AI News, Vyo Is a Fascinating and Unique Take on Social Domestic Robots
- On Sunday, February 11, 2018
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Vyo Is a Fascinating and Unique Take on Social Domestic Robots
The way to make a social home robot seems to be pretty standardized: basically, you cram a tablet computer into a cute robot body with some degrees of freedomanddo your best to make sure that your voice recognition and conversation algorithms are as good of an experience as you possibly can, using a screen to help you out when necessary.
With those general design considerations in mind, the researchers also identified a series of five design goals for Vyo based on prior research, experience, and user studies: Putting all of that stuff together into a physical robot isn’t easy, and the design process was a complex one, with the researchers exploring two different form factors: one of the microscope-like social robot (which ended upclose to the final design for Vyo), and another that was more heavily influenced by consumer electronics: As with any social robot, the way it looks is only a part of the experience.
Just as an example, we went through many versions of the neck angle in animation trying to show a respectful attentiveness in animation, before actually building the mechanical joints for the robot.” The final piece here is the way in which users can interact with Vyo: by placing little objects that represent connected home systems directly on the robot, and then manipulating them to control those systems.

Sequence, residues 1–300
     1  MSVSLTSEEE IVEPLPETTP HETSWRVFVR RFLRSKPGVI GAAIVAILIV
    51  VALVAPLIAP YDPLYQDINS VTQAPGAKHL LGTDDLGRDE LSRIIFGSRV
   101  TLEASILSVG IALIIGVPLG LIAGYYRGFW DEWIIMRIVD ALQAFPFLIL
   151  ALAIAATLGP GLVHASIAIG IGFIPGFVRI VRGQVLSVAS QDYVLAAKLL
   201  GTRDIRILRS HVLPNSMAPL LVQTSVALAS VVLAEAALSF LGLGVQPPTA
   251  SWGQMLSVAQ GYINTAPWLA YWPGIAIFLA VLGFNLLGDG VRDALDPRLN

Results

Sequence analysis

This is certainly a unique approach, but it seems like it would be less efficient than voice commands or using a touchscreen, so we asked Hoffman about it: The connection between social robotics and tangible user interfaces (like the physical icons) has never been suggested, and my collaborator Oren Zuckerman (an expert in [tactile user interfaces]) and I wanted to offer that relationship as a new HCI approach.
Right now, the researchers are experimentally comparing Vyo’s interaction technique with more traditional ones (screen-based and voice-based interfaces) to see which ones come closer to meeting the design goals of the robot.South Korean mobile operatorSK Telecom has already taken some of the lessons that were learned during Vyo’s design process and is applying them to itssmart home business strategy.
- On Friday, February 16, 2018
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Vyo Social Robot for the Smart Home
Vyo is a personal assistant serving as a centralized interface for smart home devices.
With both social robotics and smart homes on the brink of market feasibility, Vyo offers an alternative to the more common touch-screen and voice-control interfaces.
Many of the suggested interface solutions for smart homes are split between voice control and touch screens, betraying the “domestic”
Finally, the connection between social robotics and tangible user interfaces (like the physical icons) has never been suggested, we wanted to offer that relationship as a new HCI approach.
Tangible icons representing information offer several interaction benefits such as quick overview of the status with a short glance, bimanual / simultaneous operation (you could swipe off all the icons in a hurry, to turn all the devices off), and fine motor control.
Finally, placing things is a very democratic interface, for example for populations who would have a harder time navigating a complex on-screen menu or a voice interface.
- On Wednesday, September 18, 2019
Vyo - Social Robot for the Smart Home [IDC : Cornell : SKT]
Vyo - a social robot designed to manage your smart home. A collaboration between the IDC Media Innovation Lab (milab), Cornell Human-Robot Collaboration & Companionship Lab (HRC^2), and SK...
VYO - A Social Robot For A Smart Home
Vyo - a social robot designed to manage your smart home. SUBSCRIBE PLEASE - Subscribe For More such Videos SUBSCRIBE PLEASE -
How Human Body Language Will Shape the Future of Robotics - Guy Hoffman | SDF2014
Roboticist Guy Hoffman questions the assumption of 'predictable, uncreative robots' by developing robots that "think with their bodies". The key to the future of robotics, he says, lies in...